Tuesday, September 3, 2013

Tuesdays With Phineas Redux

'Xena' Stories--My Literary Influences

Apart from the visual input of the ‘Xena, Warrior Princess’ TV series, the actual literary influences of my writing stretch back some considerable way. I don’t want to sound condescending at all, but as a boy I enjoyed the short stories of Rudyard Kipling. Primarily those contained in ‘Puck of Pook’s Hill’ and ‘Rewards and Fairies’. These included historical material about several periods in English history, including that of the Romans. Then, as a young teenager, I bought a copy of the complete short stories of H G Wells. Whatever is said about him as a man and his numerous love affairs, he could certainly write a fine SF or Fantasy story. I was particularly impressed by stories like ‘In the Avu Observatory’, ‘The Remarkable Case of Davidson’s Eyes’, and ‘The New Accelerator’. The first a tale of a strange monster in Borneo; the second a curious condition whereby a man is bodily in a laboratory, but sees with his eyes landscapes on the other side of the world; the third a comedic story of a scientist who discovers a means of living at several times the normal speed of the rest of humanity, and the problems this causes him.

I may say here that I developed an interest in buying various volumes of short stories, and also what are called ‘omnibus’ volumes, at that period of my literary interests. They were remarkably cheap; they brought a large number of an author’s works together in one volume; and they saved me searching bookshops for their individual incarnations; especially as many of the authors I liked dated from the late 19th century or the first couple of decades of the 20th century. A year or so later I bought another complete set of short stories, this time by the author Saki, Hector Hugh Munro. His short stories were highly comic, yet imbued with an underlying cruelty which fascinated me. Stories such as ‘Sredni Vashtar’, ‘Reginald on Besetting Sins’, ‘The Reticence of Lady Anne’, ‘The Music on the Hill’, ‘The Open Window’, and ‘The Schartz-Metterklume Method’, all intrigued and delighted me.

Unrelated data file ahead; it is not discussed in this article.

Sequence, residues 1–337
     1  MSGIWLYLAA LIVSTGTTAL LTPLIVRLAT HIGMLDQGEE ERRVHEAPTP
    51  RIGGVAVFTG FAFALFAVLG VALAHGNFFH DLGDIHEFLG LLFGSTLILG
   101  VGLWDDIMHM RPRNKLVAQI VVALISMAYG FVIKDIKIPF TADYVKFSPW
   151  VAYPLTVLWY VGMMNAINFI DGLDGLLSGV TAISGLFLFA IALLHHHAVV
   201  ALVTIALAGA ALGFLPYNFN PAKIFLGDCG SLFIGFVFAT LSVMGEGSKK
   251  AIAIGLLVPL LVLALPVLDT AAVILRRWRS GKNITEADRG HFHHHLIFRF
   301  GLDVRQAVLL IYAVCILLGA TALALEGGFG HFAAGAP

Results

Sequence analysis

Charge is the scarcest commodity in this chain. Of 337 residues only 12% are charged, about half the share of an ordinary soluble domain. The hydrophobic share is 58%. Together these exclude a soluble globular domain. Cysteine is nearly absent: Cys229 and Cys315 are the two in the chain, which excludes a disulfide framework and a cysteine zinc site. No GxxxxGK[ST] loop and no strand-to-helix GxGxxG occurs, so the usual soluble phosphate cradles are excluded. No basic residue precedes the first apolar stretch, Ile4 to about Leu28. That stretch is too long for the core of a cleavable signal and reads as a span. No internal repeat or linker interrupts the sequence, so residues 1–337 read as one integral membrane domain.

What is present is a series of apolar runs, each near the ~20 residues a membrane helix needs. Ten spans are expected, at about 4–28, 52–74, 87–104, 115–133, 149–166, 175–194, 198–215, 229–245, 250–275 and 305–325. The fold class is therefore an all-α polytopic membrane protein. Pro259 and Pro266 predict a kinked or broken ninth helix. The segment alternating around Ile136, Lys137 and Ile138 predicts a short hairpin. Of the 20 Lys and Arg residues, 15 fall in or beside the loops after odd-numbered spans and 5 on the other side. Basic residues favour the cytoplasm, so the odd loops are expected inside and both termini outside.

At this time I was rolling through my teenage years, this being the 1960’s (Yes, I was there, and I can remember them!). I was, of course, infatuated with the work of Sir Arthur Conan Doyle. In those years the publisher John Murray printed his works in several omnibus volumes. They were well-produced in hardback on good paper, but only cost £1.50p, about $2, each. For around £9, or about $12, you could buy 6 volumes comprising almost everything he had ever written. All the Sherlock Holmes stories; all the Brigadier Gerard stories; all the Professor Challenger stories; and all the many short stories. They all had a great impact and influence on the way I now write ‘Xena’ stories.

But all is not yet over, because I very rapidly discovered O Henry sometime in my late teens. What can I say about him? The King of the short story. No-one else has ever written like him, nor will again. I think ‘Cabbages and Kings’ is his undoubted masterpiece. But also such stories as ‘The Gift of the Magi’, ‘The Last Leaf’, and ‘The Passing of Black Eagle’, all astonished me with their sharp focus on people’s motivations and ways of encountering life, and triumphing over its difficulties.